The helmet was written in some faint inscription, “John Schumpeter”. Many villagers knew that the only Schumpeter they had in the area was Mark and not John, so who was John then? Does it mean when Comrade Kasikai and his troops were ambushed near the kopje of Maruta in 1979 when Guerrillas like Samboy Mutoko died and Dzvetsverere lost an arm, Mark Schumpeter had sold out? Ziki? Or it was this John Schumpeter? Possibly this helmet could have fallen from some flying object during the war operations but of those flying objects, a flying saucer is not one of them, it must be a Rhodesian reconnaissance helicopter that dropped it by mistake, a huge mistake that was.
Of course, during those days dropping a traceable item would impair the spirit of the revolution for a lifetime, so the Guerrillas were sure not to commit that mistake. The herder in his own words said, he found the helmet trapped in a crack between huge rocks and managed to retrieve it with his herding expertise.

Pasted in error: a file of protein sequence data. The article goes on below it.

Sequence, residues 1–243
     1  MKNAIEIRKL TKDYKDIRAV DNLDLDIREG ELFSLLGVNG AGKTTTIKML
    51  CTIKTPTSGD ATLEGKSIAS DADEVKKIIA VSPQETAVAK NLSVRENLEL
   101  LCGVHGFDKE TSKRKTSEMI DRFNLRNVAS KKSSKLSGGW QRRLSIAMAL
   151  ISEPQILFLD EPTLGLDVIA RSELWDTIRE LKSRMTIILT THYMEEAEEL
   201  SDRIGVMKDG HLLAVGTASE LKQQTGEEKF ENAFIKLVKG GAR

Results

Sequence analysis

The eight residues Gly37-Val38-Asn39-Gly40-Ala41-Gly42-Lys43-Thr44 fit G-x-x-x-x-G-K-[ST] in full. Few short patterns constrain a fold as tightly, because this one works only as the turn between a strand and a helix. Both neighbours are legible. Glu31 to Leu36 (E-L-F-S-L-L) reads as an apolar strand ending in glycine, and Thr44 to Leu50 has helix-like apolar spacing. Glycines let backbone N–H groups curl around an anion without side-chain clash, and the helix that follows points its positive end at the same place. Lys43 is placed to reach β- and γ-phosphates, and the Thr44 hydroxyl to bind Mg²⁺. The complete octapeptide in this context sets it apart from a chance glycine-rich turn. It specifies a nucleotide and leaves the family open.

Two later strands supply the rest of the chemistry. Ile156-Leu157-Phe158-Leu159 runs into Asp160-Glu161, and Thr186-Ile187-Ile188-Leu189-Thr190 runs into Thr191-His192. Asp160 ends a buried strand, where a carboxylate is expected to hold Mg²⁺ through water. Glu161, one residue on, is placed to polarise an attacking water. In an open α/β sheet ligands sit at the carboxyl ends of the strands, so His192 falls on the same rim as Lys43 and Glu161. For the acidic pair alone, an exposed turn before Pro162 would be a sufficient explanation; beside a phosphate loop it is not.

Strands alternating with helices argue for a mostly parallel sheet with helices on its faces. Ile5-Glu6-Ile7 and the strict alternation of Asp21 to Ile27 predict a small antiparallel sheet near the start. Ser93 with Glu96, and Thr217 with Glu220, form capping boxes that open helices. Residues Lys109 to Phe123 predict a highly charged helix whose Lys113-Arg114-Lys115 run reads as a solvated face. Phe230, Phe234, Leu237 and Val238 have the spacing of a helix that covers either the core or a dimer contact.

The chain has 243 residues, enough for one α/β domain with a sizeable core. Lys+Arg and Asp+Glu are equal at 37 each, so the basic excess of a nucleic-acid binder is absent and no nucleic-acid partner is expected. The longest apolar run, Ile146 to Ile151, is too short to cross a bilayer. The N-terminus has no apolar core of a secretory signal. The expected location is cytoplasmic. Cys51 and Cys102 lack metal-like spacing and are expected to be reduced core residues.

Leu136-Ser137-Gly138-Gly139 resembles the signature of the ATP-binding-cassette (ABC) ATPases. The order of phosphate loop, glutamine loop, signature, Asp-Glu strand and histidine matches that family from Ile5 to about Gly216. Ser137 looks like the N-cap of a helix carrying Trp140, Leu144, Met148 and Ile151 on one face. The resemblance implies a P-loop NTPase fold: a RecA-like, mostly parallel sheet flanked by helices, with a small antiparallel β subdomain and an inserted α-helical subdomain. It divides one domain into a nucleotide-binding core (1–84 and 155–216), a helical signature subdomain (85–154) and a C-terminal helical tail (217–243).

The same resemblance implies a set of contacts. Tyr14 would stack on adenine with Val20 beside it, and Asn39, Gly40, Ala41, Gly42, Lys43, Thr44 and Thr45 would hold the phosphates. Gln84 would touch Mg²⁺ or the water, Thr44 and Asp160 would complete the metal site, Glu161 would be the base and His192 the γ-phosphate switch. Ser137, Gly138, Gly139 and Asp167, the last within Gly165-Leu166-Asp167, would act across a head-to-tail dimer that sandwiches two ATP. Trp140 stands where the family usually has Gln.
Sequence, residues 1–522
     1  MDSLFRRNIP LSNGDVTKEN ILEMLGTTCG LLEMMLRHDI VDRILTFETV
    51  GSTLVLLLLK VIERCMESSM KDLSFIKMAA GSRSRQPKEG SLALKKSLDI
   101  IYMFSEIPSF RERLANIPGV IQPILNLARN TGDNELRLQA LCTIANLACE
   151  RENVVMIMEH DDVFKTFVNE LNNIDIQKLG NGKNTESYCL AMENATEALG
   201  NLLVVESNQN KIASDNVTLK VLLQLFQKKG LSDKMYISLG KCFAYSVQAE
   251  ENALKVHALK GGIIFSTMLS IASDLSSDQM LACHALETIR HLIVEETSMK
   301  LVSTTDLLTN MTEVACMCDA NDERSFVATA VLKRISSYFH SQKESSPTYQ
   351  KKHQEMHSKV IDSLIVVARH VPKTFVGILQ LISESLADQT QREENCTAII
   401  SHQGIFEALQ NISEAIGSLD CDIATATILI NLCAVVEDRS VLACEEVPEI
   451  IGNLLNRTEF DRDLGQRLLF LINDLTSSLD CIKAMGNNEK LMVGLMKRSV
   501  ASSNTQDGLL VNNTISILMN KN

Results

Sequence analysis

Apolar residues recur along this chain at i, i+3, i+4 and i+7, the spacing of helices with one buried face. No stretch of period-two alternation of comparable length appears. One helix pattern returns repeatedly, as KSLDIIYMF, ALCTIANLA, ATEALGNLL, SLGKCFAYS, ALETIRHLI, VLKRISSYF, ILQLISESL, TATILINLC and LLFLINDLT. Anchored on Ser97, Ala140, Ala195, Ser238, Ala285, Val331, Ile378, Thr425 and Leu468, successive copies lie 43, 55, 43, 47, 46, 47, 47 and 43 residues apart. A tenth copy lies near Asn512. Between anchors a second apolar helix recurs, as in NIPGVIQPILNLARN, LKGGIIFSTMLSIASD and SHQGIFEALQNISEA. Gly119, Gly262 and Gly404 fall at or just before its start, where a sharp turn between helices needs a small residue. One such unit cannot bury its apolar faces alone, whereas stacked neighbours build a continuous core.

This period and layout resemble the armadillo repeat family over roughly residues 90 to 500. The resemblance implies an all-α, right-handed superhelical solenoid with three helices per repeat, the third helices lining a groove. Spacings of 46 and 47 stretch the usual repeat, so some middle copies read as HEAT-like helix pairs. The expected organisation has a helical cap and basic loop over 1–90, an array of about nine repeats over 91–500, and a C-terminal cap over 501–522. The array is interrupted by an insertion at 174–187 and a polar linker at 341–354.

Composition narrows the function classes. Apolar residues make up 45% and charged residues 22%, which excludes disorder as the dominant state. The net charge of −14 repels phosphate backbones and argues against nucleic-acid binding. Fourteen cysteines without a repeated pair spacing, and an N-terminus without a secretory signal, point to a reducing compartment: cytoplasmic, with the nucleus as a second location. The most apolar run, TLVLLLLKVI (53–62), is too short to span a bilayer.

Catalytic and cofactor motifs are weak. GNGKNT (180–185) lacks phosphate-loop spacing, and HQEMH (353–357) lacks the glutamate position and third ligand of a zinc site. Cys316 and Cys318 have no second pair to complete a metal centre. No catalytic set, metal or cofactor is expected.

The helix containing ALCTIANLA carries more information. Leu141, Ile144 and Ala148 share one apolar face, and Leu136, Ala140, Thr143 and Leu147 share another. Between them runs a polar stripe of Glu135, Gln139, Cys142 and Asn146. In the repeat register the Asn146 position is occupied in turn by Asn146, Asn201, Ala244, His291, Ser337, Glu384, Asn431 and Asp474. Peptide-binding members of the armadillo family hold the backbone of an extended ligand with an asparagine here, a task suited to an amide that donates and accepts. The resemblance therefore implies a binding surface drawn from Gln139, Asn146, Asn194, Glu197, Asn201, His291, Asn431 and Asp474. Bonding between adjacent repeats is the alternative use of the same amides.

The beerhalls at Ziki Shopping Centre were swarmed. It was on the 17th of April 1980 in the evening. Joy was palpable among villagers who had for a very long time never tasted freedom. When twelve o’clock midnight struck, the euphoria of a free Zimbabwe caught up with the patronisers and non-patronisers of the beer hall. The hubbub, the frenzy, the delirium of never wanting to be subjects again was all over the air. Music trebled the ever-flowing joy.
From enchanters to Catholic missionaries who were in empathy of the colonised, for once differences were set aside and joy united them. From the nearby dust road that led to Silveira Mission, mobile beacon fires on sticks would be seen. The inconsistent and irregular jerks of the beacon fires showed that somehow a procession of villagers singing in unison, “Simukai mupembere…” was approaching.
Indeed, it was them, the crowd in the hall shoved out and welcomed their arriving mates. One limping villager was among the leading team of the procession; alas! It was Comrade Kasikai who had a leg injury which took time to heal because there was literally no time to rest for him as he would say, “there is no rest on earth!”